Founded in 1952 and headquartered in Colorado Springs, Colorado, Compassion International is a child-sponsoring charitable organization that was originally known as the Everett Swanson Evangelistic Association. The sponsorship model was launched in 1953 and the organization officially became Compassion International in 1963.
- Total income
- Administrative expenses
- Fundraising expenses
- Program percentage
- Accessible financial information
Over the last several years, Compassion International has reported a steadily growing income. All totals are for the organization's fiscal year ending in June of the reported year.
- 2015: $765,156,592
- 2014: $712,969,008
- 2013: $656,893,101
- 2012: $596,083,005
Compassion International reports a lower percentage of its income going towards meeting its administrative expenses than fundraising activities, which is not the norm among most charitable organizations. For the fiscal year ending in June 2015, the organization reported that 7.4 percent of its income, or $57,323,669, was allocated to administrative support. Top executives received salaries which were less than those given by many other charitable organizations. Current president and CEO, Santiago H. Mellado, received 0.03 percent of total revenue, or $296,044, in 2014.
Compassion International uses an average of 10 percent of its annual revenue for fundraising activities.
The percentage of an organization's revenue directed towards delivering its program is a very important measure of the quality of an organization's fiscal responsibility. Most charity watchdog organizations consider a percentage of above 80 percent as an indicator of effective program delivery. Compassion International states on its website that the organization works to keep its program percentage at or above 80 percent. For the fiscal year ending on June 30, 2015, Compassion International used 83.1 percent of its income for program delivery.
Accessible Financial Information
Compassion International publishes its annual reports (2011-2015), auditor's reports (2011-2015) and IRS Form 990s (2009-2015) on its website. This information can be easily found and is comprehensive.
- Negative press
- Donor communication
Legal Battles about "Compassion"
Once in 1997 and once in 2015, Compassion International's legal representation sent threatening cease and desist letters to two organizations which used the word "Compassion" in the name of their organizations. Both entities were surprised at the demands and, without funds to fight a battle in court, changed the names of their organizations. These start-up organizations did not attempt to confuse or deceive, as they were accused; they simply chose a word to illustrate the mission of their organization.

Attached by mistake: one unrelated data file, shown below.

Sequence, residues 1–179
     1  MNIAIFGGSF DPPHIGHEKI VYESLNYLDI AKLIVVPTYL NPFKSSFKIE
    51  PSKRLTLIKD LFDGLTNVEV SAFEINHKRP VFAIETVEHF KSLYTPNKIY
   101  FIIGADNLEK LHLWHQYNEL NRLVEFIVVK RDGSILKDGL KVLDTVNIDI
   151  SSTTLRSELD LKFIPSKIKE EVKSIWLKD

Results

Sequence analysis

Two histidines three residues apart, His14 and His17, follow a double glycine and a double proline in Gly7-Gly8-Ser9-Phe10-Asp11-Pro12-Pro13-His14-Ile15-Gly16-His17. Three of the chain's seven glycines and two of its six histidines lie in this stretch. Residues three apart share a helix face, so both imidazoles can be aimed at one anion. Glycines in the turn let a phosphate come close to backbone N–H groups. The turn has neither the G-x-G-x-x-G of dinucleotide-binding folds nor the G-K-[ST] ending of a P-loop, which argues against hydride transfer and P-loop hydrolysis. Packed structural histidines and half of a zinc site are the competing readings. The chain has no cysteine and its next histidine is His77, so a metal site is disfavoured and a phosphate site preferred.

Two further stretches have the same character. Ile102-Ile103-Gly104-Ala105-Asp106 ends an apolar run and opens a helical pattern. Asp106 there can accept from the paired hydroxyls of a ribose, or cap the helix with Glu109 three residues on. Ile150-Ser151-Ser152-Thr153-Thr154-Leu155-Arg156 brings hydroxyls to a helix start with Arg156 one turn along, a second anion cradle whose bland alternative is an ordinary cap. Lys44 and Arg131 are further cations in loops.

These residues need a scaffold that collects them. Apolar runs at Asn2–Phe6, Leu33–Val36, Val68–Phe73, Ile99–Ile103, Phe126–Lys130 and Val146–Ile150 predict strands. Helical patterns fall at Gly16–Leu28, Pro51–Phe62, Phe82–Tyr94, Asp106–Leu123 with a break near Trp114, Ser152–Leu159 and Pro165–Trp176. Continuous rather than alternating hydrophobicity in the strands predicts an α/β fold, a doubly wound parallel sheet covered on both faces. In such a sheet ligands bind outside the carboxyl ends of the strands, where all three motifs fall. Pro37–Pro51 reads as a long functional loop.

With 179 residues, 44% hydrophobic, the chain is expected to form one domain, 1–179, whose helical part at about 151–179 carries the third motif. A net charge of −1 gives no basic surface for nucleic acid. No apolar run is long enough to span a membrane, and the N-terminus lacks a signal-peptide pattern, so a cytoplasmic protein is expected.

Support of "Son of God" Movie
Compassion International voiced support for the 2014 movie Son of God, which depicted the life of Jesus Christ. However, many Christians found the film to be contrary to their beliefs in the Bible. As such, many have expressed concern about the Christianity of the mission of Compassion International.
Donors are promised that they will receive updates on the status of the child whom they have sponsored from the organization, as well as directly from the child or child's family. This seems to be highly variable; some donors report that they wait months or even years before receiving information directly from their sponsored child, while others report more frequent communication. However, donors can expect a high level of communication from Compassion International. In fact, many donors report receiving excessive fundraising requests via postal mail after they have begun to sponsor a child.
Compassion International has been recognized for its workplace environment, as well as the quality of the organization's public relations. The awards that the organization has received are not spontaneously given; rather, the organization submitted information to another organization for entry into a field. The entrants were judged and awards were given out among the pool of eligible entries. While these awards do represent achievement, they are not weighted the same as recognitions that awarded spontaneously.
The Bottom Line
Compassion International has many positives in its model. The administrative costs are very reasonable when compared to other programs. Additionally, the organization's program delivery percentage reflects fiscal responsibility. However, Compassion International has received some negative press and has been accused of over-communicating with donors.